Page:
No, that's false. It was never funded on the level needed for flight tests that would allow a competition for two final service providers on a reasonable schedule for initial service (2017). Congress seems to be acting all surprised when more funding is asked for, when they should've known all along that was the sort of funding that is required for what commercial crew is supposed to be. They should've known quite well that a ramp-up in funding is required. It has absolutely nothing to do with pitting commercial crew against SLS/Orion and everything to do with what's needed to get a redundant, competitive domestic crew access capability to ISS by 2017. Congress is playing political games with it, denying any sort of the ramp-up in funding that's clearly required (especially for any increase in oversight that Congress wants).

At no time did NASA or the Administration say that commercial crew could meet its goals of redundant and competitive domestic access to ISS on schedule (for operational capability by 2017) with the measly $400-500 million per year it has had initially. And, in fact, Congress hasn't shown how that'd be possible, either.

Quote
This whole mentality of either/or is destructive and is only being fostered by those who hate the very idea of a government owned system (SLS/MPVC). I have yet to see a post from any SLS booster (heh) calling for the elimination of commercial cargo or crew. The "my way or the highway" chorus is a one-way affair with the commercial proponents leading the choir.
That's a complete misrepresentation. I assume you're talking about me, but I don't think that everything should be commercial. For instance, a deep space habitat or lunar lander should be (at least initially) a government system. And commercial crew enables that. I've actually supported Orion on several occasions (even though I think it might be slightly too big, but that's really a minor technical opinion, not as big of a deal). But building the NASA-only launch vehicle is simply not worth it when we have plenty of other launch vehicles that work great and are very reliable and relatively inexpensive and are under-utilized (if anything). NASA may need its own deep-space craft, but they don't need their own very expensive rocket I believe just pushes the earliest beyond-LEO exploration further into the future.

And ISS is going to be around until 2028 almost certainly. If Orion is used (on SLS, even worse) to service ISS instead of commercial crew, that will take longer to develop (i.e. longer gap) and will cost more and will push the initial exploration mission further to the right. Commercial crew allows NASA to focus on deep space. And it allows better redundancy.

FYI:

Excerpt from a NASA document provided to the Congress during consideration of FY 2012 funding cycle:

"$500 million 2016-2017 - Likely will have one or more certified CTSs by 2017, with a potential to pull that back to 2016 assuming very robust funding levels in FY 2013-2016. If CTS certification date is past 2016, $480 million per year in additional payments to Russia will be required for Soyuz until CTS is online."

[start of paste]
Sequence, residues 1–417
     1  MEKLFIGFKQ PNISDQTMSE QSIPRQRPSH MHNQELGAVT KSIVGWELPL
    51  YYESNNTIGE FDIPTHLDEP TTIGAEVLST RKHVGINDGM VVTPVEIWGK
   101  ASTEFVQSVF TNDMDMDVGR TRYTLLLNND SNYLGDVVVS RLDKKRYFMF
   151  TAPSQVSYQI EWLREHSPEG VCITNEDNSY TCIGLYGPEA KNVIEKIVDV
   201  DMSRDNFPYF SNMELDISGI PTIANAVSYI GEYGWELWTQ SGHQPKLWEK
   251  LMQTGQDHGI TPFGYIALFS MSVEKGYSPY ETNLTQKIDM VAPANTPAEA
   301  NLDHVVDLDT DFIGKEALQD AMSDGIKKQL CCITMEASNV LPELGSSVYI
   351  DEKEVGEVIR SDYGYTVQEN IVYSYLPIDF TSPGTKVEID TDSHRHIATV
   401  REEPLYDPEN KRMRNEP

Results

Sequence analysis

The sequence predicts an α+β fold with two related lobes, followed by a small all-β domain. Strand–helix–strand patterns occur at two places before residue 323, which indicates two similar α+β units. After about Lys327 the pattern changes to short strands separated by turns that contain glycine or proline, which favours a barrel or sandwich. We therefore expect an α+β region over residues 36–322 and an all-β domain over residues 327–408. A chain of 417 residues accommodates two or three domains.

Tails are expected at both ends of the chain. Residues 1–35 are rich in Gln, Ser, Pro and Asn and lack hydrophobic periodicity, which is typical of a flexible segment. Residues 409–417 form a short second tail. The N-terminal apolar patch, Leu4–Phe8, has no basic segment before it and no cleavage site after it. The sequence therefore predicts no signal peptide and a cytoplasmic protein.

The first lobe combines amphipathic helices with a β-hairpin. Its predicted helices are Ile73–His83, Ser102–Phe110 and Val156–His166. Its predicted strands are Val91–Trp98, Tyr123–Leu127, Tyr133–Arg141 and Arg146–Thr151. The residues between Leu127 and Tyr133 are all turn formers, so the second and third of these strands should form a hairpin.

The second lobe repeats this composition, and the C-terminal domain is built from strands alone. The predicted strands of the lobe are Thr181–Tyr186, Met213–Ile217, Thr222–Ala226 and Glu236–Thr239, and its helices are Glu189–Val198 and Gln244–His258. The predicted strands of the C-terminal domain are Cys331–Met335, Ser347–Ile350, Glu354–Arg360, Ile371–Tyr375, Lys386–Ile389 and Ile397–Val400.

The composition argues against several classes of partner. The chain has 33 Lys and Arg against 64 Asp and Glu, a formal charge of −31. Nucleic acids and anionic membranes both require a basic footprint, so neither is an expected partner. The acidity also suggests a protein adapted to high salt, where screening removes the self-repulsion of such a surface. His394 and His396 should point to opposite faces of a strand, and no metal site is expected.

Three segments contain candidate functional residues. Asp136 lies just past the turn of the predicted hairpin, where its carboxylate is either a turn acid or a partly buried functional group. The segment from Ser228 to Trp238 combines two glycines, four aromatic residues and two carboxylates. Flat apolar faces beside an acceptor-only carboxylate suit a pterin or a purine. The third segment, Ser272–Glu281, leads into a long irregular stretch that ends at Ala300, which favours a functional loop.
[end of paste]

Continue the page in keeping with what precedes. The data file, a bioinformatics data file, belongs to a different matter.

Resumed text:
Also, last numbers I've seen, IF the outcome for Commercial Crew in FY 2013 approps is at a level of $500-$600m, combined new money and carry-over from FY 2012 $ would mean a total of close to $900m would be available for expenditure in FY 2013.

« Last Edit: 04/06/2012 07:25 PM by 51D Mascot »
Offering only my own views and experience as a long-time "Space Cadet."

Offline Robotbeat

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Re: House committee on appropriations - March 21, 2012
« Reply #173 on: 04/06/2012 07:34 PM »
Thanks, as usual, 51D Mascot. :)

As you can see, only one CTS is guaranteed at that level, which doesn't meet the commercial crew requirement for redundancy and severely restricts NASA's bargaining power. Not only that, but it increases programmatic risk for initial operating capability, which was partly the reason for the whole effort to be designed as it is in the first place instead of a more traditional contracting method.
« Last Edit: 04/06/2012 07:38 PM by Robotbeat »
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Offline Jeff Bingham

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Re: House committee on appropriations - March 21, 2012
« Reply #174 on: 04/06/2012 08:31 PM »
Thanks, as usual, 51D Mascot. :)

As you can see, only one CTS is guaranteed at that level, which doesn't meet the commercial crew requirement for redundancy and severely restricts NASA's bargaining power. Not only that, but it increases programmatic risk for initial operating capability, which was partly the reason for the whole effort to be designed as it is in the first place instead of a more traditional contracting method.

But bear in mind, that reference was BEFORE the FY 2012 approps process was completed, and before the procurement was initiated in December, and does not account for the aggregate funding level I noted as likely for FY 2013, so I don't think it can be said with the certainty you suggest that "only one" can be "guaranteed" (actually, at this stage NOTHING can be "guaranteed," of course). That remains to be seen once the proposals are all assessed. From what I gather strictly unofficially, the numbers associated with proposals are in a very positive direction in terms of facilitating broader participation, which is a good sign.